A portable insulin kit for children with type 1 diabetes has been showcased at a design conference in Cape Tow, South Africa.
The Thomy consists of an ergonomically designed insulin pen to ensure it fits smaller hands and a set of child-friendly tattoos to help the child remember when they last injected.
There is a release dial which reacts to temperature and changes colour, helping the child to see when the full dose has been delivered.
The equipment was designed by design graduate Renata Souza, who was inspired by her nephew following his type 1 diabetes diagnosis.
Speaking at Cape Town’s Design Indaba 2018, she said: “After observing Thomas’ routine, I realised how tedious the process of injecting insulin into the body is. It’s hard for him to use a regular insulin pen because of his little hands, and it’s easy for him to forget where he last injected insulin.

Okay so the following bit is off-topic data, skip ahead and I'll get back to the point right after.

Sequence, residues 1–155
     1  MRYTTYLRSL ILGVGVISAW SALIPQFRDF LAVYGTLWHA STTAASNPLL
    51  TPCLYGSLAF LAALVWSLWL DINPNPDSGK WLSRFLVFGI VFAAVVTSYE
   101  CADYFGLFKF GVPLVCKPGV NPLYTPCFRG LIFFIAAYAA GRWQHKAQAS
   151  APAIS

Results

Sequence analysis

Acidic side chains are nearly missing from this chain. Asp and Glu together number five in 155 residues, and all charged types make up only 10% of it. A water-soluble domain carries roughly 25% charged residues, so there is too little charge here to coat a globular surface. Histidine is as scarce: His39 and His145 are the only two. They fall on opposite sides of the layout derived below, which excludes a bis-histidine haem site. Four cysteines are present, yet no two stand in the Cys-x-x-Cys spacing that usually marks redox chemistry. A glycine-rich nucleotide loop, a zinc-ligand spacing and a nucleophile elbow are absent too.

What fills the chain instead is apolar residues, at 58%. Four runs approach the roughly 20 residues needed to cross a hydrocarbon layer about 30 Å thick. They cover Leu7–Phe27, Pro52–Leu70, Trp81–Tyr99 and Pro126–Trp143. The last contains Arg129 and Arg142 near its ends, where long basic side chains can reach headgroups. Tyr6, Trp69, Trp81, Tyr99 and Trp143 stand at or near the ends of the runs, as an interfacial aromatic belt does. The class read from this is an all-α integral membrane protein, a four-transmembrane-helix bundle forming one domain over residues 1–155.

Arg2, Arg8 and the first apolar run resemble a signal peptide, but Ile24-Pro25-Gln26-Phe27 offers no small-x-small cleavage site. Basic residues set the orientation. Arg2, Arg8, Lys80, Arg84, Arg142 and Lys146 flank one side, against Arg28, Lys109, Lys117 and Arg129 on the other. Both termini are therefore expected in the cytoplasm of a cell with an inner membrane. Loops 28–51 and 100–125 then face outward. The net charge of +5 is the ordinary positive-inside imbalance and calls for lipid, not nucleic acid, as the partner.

“From one day to another, Thomas has to deal with his fear of needles. I realised how much this was stealing from Thomas’s childhood. That’s when I decided I wanted to design something for children with type 1 diabetes, something fun, something they could look forward to.”
She introduced the tattoo element after researching how different injection sites must be alternated on a regular basis to avoid lumps of fat developing. They create a map of injection spots by using coloured dots. The child can also use the tattoo to determine when to change injection sites when it loses colour.
She asked her nephew to test the product and requested feedback from him. A picture she received showed one of Thomas’s brothers wearing a tattoo, who did not have diabetes.
Souza said: “I knew then that I had hit my goal. I had made things better for Thomas.”
So far the product has been recognised by the James Dyson Awards last year where Souza was named as a national finalist.

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